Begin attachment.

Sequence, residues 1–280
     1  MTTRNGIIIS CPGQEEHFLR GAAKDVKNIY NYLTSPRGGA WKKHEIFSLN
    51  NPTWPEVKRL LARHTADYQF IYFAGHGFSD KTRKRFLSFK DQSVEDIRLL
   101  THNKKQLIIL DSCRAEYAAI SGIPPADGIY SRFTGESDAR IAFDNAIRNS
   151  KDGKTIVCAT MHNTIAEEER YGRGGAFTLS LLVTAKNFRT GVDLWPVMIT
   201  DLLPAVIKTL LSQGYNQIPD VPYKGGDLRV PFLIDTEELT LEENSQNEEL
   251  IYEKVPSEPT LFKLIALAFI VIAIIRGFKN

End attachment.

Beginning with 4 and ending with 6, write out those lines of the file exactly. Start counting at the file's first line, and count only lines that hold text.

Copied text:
   101  THNKKQLIIL DSCRAEYAAI SGIPPADGIY SRFTGESDAR IAFDNAIRNS
   151  KDGKTIVCAT MHNTIAEEER YGRGGAFTLS LLVTAKNFRT GVDLWPVMIT
   201  DLLPAVIKTL LSQGYNQIPD VPYKGGDLRV PFLIDTEELT LEENSQNEEL